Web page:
It has often been rumoured that the couple have split, as they spend so much time apart, Björk has once again set up base in Reykjavik and Barney has a home in New York City. Officially they share a home in Palisades in New York State. After six years together Barney thought Drawing Restraint 9 was the right project to finally work with his partner, saying: "I believed that working with Björk would make it easier to show the love story, but there was also the interest for both of us that the subject matter of the film was about our [humans] relation to nature." A handy by-product was that Björk created an atmospheric two-and-a-half-hour soundtrack.

Barney is noted for being introspective and not a good talker. He takes his time when he is speaking, mulling over every response. He has a fine physique, developed while playing American football for his high school in Idaho. Some of his most fervent critics have used his good looks and pop-star wife as proof that the artist is style more than substance, but this ignores the talent which is undoubtedly at work. Barney uses his experience of training for sport to feed into both his work and creative process. He says, "I grew up as an athlete, and I started thinking about the notion that the muscles and cells in your body are dependent on resistance in order to grow and how it might be useful to think about productivity and creativity in the same way and that it too might have a relationship to resistance, might rely upon resistance and be useful in the sense that one's cycle of creativity takes you to places where you feel lost." He quips: "Another obtuse answer."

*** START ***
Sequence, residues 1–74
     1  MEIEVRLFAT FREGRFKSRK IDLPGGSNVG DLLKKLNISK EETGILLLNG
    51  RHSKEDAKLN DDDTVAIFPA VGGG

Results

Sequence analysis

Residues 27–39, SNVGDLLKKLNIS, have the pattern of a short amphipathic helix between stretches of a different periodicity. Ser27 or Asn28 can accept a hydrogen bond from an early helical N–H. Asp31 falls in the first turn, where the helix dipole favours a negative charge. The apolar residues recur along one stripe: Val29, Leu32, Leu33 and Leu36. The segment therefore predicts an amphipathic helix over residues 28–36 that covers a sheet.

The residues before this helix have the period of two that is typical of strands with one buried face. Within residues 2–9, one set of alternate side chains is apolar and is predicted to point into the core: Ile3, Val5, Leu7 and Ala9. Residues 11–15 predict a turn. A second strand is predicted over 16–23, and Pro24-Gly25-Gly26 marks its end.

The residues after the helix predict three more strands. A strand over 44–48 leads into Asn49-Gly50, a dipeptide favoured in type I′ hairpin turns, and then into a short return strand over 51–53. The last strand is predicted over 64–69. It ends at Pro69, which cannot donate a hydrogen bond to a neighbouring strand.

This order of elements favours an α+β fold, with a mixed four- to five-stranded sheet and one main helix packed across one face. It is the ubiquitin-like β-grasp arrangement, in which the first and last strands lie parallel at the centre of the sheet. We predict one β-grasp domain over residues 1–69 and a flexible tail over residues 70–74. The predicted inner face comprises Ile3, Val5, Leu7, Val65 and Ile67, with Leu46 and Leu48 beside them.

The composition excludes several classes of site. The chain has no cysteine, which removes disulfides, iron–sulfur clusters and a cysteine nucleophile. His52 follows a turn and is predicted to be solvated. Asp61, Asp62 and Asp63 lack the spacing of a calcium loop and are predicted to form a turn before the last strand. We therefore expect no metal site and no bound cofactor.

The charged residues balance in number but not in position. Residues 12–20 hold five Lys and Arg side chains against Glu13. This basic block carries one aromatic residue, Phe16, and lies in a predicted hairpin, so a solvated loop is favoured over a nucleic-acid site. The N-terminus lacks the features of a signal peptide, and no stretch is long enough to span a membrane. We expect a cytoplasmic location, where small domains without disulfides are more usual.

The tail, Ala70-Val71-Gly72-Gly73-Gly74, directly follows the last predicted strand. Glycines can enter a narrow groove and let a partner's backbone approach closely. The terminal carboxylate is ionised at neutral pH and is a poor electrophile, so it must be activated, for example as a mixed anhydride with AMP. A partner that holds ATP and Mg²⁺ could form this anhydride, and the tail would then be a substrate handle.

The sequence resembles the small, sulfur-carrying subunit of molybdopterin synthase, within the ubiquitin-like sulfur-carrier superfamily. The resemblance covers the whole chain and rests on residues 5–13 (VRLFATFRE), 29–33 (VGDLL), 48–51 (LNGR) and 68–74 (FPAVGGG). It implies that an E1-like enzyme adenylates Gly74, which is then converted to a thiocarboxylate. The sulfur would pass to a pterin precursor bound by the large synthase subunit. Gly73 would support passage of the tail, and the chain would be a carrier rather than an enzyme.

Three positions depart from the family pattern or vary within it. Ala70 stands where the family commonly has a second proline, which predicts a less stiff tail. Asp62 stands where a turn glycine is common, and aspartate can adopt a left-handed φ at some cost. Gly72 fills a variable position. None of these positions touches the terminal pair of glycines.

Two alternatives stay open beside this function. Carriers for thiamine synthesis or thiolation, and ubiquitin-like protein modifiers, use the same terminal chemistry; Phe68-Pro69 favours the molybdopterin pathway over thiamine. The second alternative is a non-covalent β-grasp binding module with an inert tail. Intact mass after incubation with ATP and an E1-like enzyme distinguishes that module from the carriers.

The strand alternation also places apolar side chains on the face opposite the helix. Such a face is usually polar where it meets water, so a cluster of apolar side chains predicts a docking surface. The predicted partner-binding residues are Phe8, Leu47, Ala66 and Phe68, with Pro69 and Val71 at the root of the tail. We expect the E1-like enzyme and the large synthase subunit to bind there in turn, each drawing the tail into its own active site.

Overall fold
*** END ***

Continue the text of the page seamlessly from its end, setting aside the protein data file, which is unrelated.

Barney is unduly worried about his performance as a speaker. In person he is always crystal clear when talking about his work, making me wish that he would produce a DVD-style commentary to accompany it. He also admits that the success of his films away from the art exhibits came as a surprise. "I didn't start with the ambition of showing my films separate from the exhibits. It sort of happened organically and now that I can see it exists in both places it makes my desire for the piece to operate more coherently as a narrative film stronger. The other criteria for the films are to be fertile text that I can draw from to make objects."

'Matthew Barney: No Restraint' is released on DVD on 24 September. 'Drawing Restraint 9' will be on limited release from 28 September. Matthew Barney, Serpentine Gallery, 20 September to 11 November